It wasn’t supposed to be like this. Robin Williams was supposed to make us laugh. He had done so publicly for more than 36 years, ever since he made his first appearance as the alien Mork from Ork in an episode of Happy Days early in 1978.
That telecast led to his hit sitcom the following fall. There were standup comedy specials and movie roles, including a dramatic turn in Good Will Hunting that won him a best supporting actor Oscar.
Even then, though, it was the funny Robin Williams that audiences knew best. Not the man who made people cry on Monday when news broke his death, apparently a suicide. He was supposed to be, as the charity specials he co-hosted declared, Comic Relief.
Of course, many of the most loved comedians have had their demons, and Williams was not an exception. His publicist said he had been battling severe depression lately. Before, Williams had publicly discussed problems with alcohol and drugs – and there were times when it seemed he feared digging too deeply into his own emotions.
In 1986, I saw Williams at a press conference for Seize the Day, a TV dramatization of the Saul Bellow novel. What should have been a serious occasion was, for a large part, Williams offering what he thought the audience expected: a rapid fire series of jokes, seemingly off the cuff, manic in their delivery.
When one reporter asked a mildly inquiring personal question, Williams feigned shock: “What are you, my mom?” The message was clear: Don’t go deep. Take what I am offering. Isn’t this enough?
Except Seize the Day was meant to show he had more to offer. So did Good Will Hunting, and other forays into screen drama such as Dead Poets Society, where Williams played the inspirational teacher of a group of prep-school students. It was a splendid performance because it had touches of comedy and larger doses of drama, and Williams managed both.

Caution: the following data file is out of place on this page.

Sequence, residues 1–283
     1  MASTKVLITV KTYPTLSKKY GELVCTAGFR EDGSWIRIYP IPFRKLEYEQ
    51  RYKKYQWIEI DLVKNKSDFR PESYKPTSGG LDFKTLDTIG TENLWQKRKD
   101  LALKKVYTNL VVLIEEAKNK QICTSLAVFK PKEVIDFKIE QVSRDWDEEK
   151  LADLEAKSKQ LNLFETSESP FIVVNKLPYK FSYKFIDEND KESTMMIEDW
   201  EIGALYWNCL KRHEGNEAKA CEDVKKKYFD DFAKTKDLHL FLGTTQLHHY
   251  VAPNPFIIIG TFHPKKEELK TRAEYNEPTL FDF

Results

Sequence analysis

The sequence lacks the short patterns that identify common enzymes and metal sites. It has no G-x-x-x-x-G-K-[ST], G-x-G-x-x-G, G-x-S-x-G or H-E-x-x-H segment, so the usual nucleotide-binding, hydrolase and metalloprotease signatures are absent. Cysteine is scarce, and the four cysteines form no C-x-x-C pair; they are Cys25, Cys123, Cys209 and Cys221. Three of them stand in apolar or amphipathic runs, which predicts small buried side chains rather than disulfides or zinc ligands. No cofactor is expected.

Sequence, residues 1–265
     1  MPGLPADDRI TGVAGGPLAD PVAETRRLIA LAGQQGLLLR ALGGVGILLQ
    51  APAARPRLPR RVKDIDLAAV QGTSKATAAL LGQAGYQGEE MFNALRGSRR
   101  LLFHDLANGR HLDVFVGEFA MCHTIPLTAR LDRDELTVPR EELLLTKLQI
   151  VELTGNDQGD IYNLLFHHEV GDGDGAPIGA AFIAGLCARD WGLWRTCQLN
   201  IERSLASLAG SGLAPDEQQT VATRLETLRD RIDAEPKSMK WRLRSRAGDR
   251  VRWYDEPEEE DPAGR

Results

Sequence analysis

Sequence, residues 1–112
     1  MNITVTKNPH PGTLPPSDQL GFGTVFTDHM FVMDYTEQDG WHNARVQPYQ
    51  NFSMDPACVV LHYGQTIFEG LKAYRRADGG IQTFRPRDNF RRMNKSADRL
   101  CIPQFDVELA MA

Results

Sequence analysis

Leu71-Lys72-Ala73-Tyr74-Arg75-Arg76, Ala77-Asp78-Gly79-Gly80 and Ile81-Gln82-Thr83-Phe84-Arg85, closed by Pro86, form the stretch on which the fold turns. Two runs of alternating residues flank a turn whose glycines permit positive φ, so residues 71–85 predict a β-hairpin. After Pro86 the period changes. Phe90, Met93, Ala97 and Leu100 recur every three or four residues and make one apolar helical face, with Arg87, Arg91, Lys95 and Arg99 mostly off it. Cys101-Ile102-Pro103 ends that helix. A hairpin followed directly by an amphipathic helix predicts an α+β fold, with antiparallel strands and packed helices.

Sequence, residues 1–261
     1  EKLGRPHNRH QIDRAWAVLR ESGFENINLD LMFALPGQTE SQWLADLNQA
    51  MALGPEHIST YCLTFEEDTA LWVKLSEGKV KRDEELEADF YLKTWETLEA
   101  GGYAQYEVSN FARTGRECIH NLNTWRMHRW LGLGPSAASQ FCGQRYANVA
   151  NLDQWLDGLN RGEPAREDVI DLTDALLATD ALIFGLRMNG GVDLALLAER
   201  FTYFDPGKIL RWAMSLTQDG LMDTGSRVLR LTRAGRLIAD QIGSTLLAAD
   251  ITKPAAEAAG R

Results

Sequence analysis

But, again, what did he think audiences wanted from him? In recent years he could not carry a hit movie on his own, instead serving a supporting role in two Night at the Museum comedies, or joining the voice cast in the animated Happy Feet films. He was good in those roles, but it was no longer fresh or revelatory the way he had been as Mork or as the genie in Disney’s animated Aladdin, a performance so impressive that it generated Oscar talk – and irritation that an animated voice was not eligible in Oscar’s acting categories.
Of course, Aladdin was more than 20 years ago. Last fall, he returned to series television in The Crazy Ones, a new sitcom for CBS in which Williams played a character sufficiently off the charts that the show had plenty of room for Williams to improvise. Indeed, outtakes from the show demonstrated how much he let go, and how easily he could crack up co-stars.
But Williams was in his sixties, and audiences had been seeing his shtick for a long time, and younger audiences were seeking laughs elsewhere. CBS dropped the show after a single season.
We could all hope that Williams would be back. Couldn’t you look today at Aladdin or early Mork and laugh? Couldn’t he make that happen again?
Not now. No more. Instead, people will study his history and his work in the context of his last, pained act, searching for clues/ But sometime, people will manage again to see the work just as work -- and then we can laugh.